For most of the post-war period, there were great advantages in building up what economists call firm-specific capital, that is, knowledge of how things work in a particular company. If you worked at Ford Motor Co., you knew how cars are made at Ford, and if you worked as an office administrator, you knew how to format documents in a way unique to your employer. But technology has made work more similar across companies: everyone uses Microsoft Word or Google Docs. Technology also means companies can better track worker productivity. These trends mean that there is less value in firm-specific capital and more in individual capital. In other words, there are bigger gains to be made by developing your own skills and being a star employee.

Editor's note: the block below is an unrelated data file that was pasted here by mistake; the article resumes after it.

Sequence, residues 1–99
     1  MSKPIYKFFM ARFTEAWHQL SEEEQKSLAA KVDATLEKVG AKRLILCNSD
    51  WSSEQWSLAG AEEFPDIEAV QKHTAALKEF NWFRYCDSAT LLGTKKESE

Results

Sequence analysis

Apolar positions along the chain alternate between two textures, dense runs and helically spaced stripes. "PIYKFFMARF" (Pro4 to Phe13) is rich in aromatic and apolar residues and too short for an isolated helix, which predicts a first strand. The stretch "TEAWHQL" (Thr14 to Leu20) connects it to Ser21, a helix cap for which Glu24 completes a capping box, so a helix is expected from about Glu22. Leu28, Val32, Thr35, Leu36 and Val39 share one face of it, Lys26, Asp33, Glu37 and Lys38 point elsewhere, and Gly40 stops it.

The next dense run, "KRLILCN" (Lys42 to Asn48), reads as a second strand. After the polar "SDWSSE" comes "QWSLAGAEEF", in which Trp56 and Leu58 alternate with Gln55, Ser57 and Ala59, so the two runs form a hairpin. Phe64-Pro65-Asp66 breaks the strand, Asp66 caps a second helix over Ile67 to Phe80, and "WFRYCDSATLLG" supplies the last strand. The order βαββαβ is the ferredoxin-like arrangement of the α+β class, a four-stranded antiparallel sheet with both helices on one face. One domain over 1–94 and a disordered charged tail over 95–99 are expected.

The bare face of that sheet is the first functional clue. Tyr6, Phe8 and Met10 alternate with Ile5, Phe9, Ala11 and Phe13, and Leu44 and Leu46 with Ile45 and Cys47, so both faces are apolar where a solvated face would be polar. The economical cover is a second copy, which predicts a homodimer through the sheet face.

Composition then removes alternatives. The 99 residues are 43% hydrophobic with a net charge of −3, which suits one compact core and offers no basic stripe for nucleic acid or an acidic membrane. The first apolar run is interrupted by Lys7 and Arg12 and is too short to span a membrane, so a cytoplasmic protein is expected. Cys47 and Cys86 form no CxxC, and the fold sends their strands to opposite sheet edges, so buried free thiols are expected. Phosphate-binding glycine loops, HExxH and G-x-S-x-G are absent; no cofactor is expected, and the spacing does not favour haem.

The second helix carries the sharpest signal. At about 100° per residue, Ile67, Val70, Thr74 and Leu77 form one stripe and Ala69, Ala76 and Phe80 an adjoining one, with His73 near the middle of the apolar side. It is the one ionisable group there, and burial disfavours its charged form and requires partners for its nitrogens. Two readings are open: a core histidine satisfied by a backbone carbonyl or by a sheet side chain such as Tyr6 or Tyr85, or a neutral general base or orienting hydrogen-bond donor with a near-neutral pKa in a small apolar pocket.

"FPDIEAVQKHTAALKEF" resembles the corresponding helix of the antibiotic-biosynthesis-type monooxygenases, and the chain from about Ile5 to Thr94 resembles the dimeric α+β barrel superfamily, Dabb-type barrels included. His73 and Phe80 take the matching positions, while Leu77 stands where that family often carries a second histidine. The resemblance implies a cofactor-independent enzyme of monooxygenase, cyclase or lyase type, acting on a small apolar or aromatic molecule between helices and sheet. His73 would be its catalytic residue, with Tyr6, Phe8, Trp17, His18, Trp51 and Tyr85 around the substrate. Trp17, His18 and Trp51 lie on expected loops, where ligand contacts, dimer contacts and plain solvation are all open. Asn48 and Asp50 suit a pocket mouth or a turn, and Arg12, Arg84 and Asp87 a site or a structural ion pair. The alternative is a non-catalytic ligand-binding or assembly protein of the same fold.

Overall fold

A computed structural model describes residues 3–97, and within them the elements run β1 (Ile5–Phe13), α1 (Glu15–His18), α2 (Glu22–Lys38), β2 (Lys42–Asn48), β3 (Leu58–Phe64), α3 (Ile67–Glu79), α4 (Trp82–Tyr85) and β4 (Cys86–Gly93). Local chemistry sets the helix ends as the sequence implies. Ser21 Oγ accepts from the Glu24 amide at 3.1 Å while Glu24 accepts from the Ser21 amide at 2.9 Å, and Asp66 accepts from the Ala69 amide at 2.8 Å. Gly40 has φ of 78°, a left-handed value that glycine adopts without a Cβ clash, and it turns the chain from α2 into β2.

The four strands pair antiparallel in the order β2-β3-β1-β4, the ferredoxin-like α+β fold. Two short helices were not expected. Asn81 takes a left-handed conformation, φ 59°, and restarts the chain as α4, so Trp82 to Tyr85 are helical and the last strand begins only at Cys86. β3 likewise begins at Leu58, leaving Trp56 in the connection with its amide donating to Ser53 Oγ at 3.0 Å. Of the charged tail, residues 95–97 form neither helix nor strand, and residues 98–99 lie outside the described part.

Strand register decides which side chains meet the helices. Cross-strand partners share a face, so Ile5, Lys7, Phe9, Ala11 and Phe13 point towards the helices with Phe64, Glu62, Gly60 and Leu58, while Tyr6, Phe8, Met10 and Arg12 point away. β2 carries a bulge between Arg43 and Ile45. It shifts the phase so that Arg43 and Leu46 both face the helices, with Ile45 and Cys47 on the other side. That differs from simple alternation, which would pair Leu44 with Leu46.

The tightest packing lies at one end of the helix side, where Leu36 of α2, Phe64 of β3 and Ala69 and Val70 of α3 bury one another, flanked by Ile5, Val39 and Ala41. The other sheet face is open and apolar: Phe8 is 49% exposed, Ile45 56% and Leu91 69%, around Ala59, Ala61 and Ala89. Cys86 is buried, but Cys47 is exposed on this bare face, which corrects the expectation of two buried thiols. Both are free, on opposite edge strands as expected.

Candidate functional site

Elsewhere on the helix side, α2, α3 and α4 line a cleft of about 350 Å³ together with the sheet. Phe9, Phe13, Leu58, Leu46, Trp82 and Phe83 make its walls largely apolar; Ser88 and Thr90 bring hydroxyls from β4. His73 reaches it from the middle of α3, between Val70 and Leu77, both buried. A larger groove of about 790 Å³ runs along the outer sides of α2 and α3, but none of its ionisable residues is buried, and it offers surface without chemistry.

When there was more value in firm-specific capital, there was also a greater return on union membership. Workers had less power because so much of their value was tied to a single employer, when there is now a high return to changing jobs. Unions worked by bringing all employees together for similar pay and benefits in exchange for greater security, which meant that highly productive employees subsidized less productive ones. When there were fewer gains to being an above-average worker, the extra stability was worth it. Now that’s less true, which is one of the reasons many labor campaigns fail. In 1983, more than 20% of workers were union members. In 2021, it was only 10.3% and most of them worked for the government.

Nowadays, there are also more advantages to being a contract worker than a worker tied to a single employer. Many workers appreciate the flexibility, especially after experiencing remote work during the pandemic. Yet the current administration is also fighting this trend, pushing to classify gig workers as employees in another attempt to make jobs more like they used to be.